Female cyclists addressing gender imbalance
None of the bike riders expected Alyssa Rowse would leave them in the dust. She was a teenager racing against 20 adults, most of whom were men.
None of that mattered to the 16-year-old. She blew through the course and was the second across the finish line.
“I just didn't want to get [left behind],” she said.
The Warwick Academy student had only signed up to become a stronger cyclist. With only two other female riders in her age group, she figured a race against 20 adult males and one female was a good place to start.
“We're great friends but it doesn't make for good competition,” said Alyssa, who won her first national championship in the junior women's race on Sunday.
Females island-wide might soon take that same approach.
Top sports competitors April Joyce and Lisa Blackburn are hoping to shift Bermuda's sport gender balance.
Their organisation, the Ace Girls Foundation, funds female sporting opportunities and makes female athletes more visible to girls as role models.
“When we started looking into the issue we found that there were pockets of opportunity for girls in sport, but there could be more,” said Ms Joyce, a top cyclist.
The 38-year-old believes the point of sport for young people isn't so much about having fun, but learning perseverance.
“It teaches you to embrace the suck,” she said. “You learn that the end of the race will come and you'll get through it. That is an important lesson for life.”
She's concerned that few females here compete in sports; their absence is especially evident in cycling.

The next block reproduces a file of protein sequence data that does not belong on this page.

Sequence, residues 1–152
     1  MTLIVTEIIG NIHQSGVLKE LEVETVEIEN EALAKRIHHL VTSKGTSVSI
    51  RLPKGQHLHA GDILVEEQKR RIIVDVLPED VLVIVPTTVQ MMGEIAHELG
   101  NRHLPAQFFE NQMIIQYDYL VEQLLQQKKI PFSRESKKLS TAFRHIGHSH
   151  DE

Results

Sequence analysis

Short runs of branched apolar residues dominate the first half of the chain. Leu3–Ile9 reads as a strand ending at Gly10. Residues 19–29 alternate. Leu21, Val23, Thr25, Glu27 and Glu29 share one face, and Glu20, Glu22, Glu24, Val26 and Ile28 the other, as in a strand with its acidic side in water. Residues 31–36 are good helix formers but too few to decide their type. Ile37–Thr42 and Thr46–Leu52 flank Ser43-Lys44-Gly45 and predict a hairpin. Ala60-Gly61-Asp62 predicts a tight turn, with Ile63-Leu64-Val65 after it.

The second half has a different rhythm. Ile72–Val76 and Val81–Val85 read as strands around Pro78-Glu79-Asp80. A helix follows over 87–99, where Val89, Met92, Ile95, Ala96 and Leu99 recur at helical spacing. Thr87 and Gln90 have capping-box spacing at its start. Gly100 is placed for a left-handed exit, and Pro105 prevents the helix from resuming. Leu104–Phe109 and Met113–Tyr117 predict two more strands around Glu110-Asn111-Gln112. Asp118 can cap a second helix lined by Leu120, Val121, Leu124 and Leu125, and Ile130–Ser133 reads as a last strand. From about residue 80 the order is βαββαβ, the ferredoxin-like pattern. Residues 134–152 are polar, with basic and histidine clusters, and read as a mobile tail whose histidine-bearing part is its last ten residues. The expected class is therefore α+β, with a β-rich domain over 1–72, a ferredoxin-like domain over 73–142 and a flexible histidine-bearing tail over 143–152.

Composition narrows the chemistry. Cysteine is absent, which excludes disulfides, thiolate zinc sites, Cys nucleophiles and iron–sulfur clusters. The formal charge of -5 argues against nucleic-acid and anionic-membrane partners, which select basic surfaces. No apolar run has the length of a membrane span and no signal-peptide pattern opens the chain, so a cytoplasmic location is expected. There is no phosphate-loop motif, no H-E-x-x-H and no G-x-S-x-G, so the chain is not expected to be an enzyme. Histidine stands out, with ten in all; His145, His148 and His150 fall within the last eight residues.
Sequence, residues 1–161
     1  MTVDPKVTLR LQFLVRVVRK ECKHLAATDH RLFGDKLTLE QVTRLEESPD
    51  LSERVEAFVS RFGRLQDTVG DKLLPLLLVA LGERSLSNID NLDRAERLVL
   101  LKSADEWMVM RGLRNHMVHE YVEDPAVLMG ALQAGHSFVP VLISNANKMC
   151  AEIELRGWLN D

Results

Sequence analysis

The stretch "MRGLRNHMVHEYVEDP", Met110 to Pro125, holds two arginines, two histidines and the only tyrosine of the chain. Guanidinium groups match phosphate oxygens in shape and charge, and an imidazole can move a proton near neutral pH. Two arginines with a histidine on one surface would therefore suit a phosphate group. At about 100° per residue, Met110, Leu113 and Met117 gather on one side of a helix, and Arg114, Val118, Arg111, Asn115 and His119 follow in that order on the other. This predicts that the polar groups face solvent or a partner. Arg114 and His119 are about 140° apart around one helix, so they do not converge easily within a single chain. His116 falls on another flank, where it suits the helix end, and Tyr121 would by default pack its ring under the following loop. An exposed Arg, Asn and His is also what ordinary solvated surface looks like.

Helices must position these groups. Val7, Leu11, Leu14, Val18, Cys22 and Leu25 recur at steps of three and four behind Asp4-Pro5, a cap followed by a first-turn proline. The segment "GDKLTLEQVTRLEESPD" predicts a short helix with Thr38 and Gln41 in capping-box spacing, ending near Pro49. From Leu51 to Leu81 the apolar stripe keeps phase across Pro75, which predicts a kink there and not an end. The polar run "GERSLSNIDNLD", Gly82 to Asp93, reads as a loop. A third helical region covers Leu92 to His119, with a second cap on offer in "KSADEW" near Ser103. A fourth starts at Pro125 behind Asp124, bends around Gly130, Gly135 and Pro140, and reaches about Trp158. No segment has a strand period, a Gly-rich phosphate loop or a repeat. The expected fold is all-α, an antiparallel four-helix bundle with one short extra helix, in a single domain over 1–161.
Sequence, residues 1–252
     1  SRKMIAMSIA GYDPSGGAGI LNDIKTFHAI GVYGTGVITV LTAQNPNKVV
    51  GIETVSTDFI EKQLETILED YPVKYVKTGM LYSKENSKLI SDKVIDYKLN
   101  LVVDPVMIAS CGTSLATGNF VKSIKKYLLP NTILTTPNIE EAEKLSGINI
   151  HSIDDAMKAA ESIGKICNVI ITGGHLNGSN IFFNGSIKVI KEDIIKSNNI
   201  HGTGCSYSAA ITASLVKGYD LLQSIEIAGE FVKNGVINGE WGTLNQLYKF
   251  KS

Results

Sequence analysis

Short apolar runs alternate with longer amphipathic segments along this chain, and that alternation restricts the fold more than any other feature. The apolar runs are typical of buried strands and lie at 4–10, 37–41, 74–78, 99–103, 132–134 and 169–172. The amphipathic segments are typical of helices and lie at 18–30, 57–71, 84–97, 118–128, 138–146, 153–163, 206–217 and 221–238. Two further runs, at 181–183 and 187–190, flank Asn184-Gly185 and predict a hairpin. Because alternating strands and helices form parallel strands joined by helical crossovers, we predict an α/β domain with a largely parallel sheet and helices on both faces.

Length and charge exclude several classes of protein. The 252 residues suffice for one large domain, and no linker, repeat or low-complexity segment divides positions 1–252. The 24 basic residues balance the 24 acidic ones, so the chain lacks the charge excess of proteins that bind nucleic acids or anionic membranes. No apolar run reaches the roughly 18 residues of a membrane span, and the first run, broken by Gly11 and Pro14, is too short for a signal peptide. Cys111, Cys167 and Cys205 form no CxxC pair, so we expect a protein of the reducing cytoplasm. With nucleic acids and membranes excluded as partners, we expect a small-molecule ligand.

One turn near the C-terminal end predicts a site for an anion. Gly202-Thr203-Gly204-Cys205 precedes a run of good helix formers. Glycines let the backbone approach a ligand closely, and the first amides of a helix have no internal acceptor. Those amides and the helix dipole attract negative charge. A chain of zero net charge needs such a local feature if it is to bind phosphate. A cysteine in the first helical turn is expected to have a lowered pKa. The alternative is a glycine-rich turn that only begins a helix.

“When I take part in a race, if a quarter of competitors are female, that's a very good day,” she said.
Cyclist Gabriella Arnold, 19, was the first woman across the finish line in the Sinclair Packwood Memorial Race last month.
She believes a lot of girls are too afraid of losing to compete.
“They are terrified of being dropped,” said the Bicycle Works team member. “But that's part of life.
“As I am abroad I am developing as a rider, and part of that is getting my butt whooped sometimes.
“There are a lot of opportunities in cycling but I think a lot of women don't understand that. They don't understand the places the sport can take you.”
Cycling won her a $29,000 scholarship at Marian University. She's studying physical and social education at the Indiana school.
“When I started cycling at 14, I never imagined I would win a scholarship because of it,” she said.
Ms Joyce coaches children between the ages of 5 and 13 for the Bermuda Cycling Academy.
“If the girls feel outnumbered, often attendance isn't as good,” she said. “We have some great talent, so how do we keep them interested, or at least not lose them because they don't see any other women?”
The scheme wants to send female sporting figures into schools to talk to children. They also want to see more female coaches working with young people.
Ms Joyce, who works in the reinsurance industry, said she loved sports while growing up in Ohio, adding: “I never had time to get in trouble: I was too involved in sports.
“I did a lot of running and played basketball and volleyball. I was never going to be a pro athlete but I gained so much from it.
“It improved my physical fitness, but also gave me the confidence to put myself out there.
“It gave me the ability to graciously lose and the ability to win and know that it is OK to win.”
She and Ms Blackburn did an informal survey on the value of sport.
They found that some teenagers did not compete because they were afraid of looking unattractive in front of boys. This was especially true if there were not many other girls to provide moral support.
Ms Joyce thought more single-sex sports might help young girls to not feel so self-conscious.
• The couple are looking for females willing to help out with their fledgling organisation. Contact them on www.acegirlsfoundation.org or Ace Girls Foundation on Facebook.